There's been pretty steady buzz since at least the start of the year about influential indie-rock band Broken Social Scene's new album "Forgiveness Rock Record," out this week on the label Arts & Crafts. First, there was the issue of pent-up demand: BSS hadn't put out a proper album since 2005. Second, in February, the band released a free MP3 of a single from "Forgiveness Rock Record" -- a gorgeous epic titled "World Sick" -- and the music blogosphere was instantly enraptured. (You can still download it free on the album's Amazon page here.)
Now that "Forgiveness" is finally out (I'm giving away two copies in a random drawing; see below), well, so far surprisingly there's scant backlash to the hype. The album's earned a score of 82 (which equates to "universal acclaim") on Metracritic, the invaluable aggregator of leading critical opinion. I particularly like L.A. Times writer Margaret Wappler's take on the band's "tender maelstrom of fey orchestration" and the way that "many of the songs bloom from chorus-driven pop into soundscaped reveries."
BSS, for the uninitiated, is a Toronto-based "collective," with various members coming and going over time as they please. (Feist -- a.k.a. Leslie Feist, whom everybody fell in love with when her song "1 2 3 4" was featured in an iPod commercial -- is probably the best known.) When I saw them at a packed show in Manhattan in 2005, at one point more than a dozen musicians crowded the stage. They produce a version of what you might call the new indie wall of sound -- a sort of ecstatic sadness that's both comforting and discomfiting.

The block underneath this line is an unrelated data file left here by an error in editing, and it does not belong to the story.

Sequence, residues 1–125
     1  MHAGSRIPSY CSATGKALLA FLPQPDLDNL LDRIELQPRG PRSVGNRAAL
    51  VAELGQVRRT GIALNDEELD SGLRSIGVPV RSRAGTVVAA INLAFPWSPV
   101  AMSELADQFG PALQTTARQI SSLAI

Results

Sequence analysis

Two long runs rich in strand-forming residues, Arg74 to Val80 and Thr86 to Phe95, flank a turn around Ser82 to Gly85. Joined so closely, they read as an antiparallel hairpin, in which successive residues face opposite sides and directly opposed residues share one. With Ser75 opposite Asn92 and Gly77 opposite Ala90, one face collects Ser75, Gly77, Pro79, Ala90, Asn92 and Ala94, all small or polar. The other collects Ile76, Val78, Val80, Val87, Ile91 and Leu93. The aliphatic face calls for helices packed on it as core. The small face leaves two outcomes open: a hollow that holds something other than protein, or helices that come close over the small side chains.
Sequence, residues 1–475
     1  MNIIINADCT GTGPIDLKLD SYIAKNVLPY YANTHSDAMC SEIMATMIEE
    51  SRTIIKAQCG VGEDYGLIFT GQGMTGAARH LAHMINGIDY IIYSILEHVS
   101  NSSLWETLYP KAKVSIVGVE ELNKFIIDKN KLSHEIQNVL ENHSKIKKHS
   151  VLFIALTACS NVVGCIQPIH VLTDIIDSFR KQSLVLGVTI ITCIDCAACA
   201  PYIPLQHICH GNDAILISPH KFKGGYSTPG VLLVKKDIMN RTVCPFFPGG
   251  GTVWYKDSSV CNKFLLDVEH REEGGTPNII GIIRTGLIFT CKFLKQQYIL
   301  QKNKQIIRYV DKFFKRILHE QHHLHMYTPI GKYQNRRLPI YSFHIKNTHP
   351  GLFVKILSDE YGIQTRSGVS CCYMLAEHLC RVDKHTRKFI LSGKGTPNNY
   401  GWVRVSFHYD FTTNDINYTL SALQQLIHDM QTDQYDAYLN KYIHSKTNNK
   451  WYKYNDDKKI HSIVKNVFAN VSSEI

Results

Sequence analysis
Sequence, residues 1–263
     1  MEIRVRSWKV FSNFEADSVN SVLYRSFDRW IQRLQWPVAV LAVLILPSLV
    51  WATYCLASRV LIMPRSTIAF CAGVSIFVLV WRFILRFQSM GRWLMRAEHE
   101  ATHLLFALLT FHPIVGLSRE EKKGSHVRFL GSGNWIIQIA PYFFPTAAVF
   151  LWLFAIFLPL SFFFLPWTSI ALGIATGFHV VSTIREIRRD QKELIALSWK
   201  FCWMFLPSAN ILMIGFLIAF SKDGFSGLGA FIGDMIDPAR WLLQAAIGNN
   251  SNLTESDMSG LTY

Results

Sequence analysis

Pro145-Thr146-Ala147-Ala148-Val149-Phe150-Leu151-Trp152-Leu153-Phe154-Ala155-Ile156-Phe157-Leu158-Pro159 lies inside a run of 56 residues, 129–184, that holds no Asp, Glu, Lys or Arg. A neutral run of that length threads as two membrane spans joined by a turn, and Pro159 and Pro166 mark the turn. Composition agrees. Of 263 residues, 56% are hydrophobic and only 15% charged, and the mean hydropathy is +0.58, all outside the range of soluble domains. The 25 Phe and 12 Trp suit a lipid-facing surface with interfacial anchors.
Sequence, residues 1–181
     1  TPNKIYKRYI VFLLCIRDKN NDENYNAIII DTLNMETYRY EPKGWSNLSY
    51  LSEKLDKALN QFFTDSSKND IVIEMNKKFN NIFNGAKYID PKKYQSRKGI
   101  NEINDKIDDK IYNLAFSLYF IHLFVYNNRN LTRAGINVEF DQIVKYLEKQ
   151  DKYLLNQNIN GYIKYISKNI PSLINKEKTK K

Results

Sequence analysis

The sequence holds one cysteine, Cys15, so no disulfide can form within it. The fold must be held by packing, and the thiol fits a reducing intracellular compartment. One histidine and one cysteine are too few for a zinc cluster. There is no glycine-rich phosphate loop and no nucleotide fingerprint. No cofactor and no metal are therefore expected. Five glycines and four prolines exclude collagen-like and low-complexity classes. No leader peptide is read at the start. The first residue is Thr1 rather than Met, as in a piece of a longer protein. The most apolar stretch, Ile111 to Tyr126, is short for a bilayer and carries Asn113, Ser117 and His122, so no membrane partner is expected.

You want to feel bad for the band ("World Sick" opens with the lyric "We got a minefield of crippled affection"), except, man, each member is also clearly having an awesome time jamming with fellow brilliant damaged types. And I do mean jamming (e.g., "World Sick" clocks in at nearly seven minutes, setting the tone for this sprawling 14-song album). Because as state-of-the-art indie as "Forgiveness Rock Record" sounds, it's also deeply nostalgic in an almost noodle-y, jam-band-esque Grateful Dead-ish way, especially given the subtext of quasi-hippie Utopianism inherent in the very idea of a creative collective.
In fact, I won't be happy until Broken Social Scene -- hell, maybe even just the band's new record -- gets its own Cherry Garcia-style Ben & Jerry 's flavor. Forgiveness Rocky Road, anyone?
THE FINE PRINT: To enter my random drawing in this informal Media Guy's Pop Pick giveaway, send me an e-mail with "Forgiveness Rock Record" in the subject line on or before May 15 (the cut-off is 12 midnight EST). You must have a valid U.S. mailing address and be 18 or older.
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Simon Dumenco is the "Media Guy" media columnist for Advertising Age. You can follow him on Twitter @simondumenco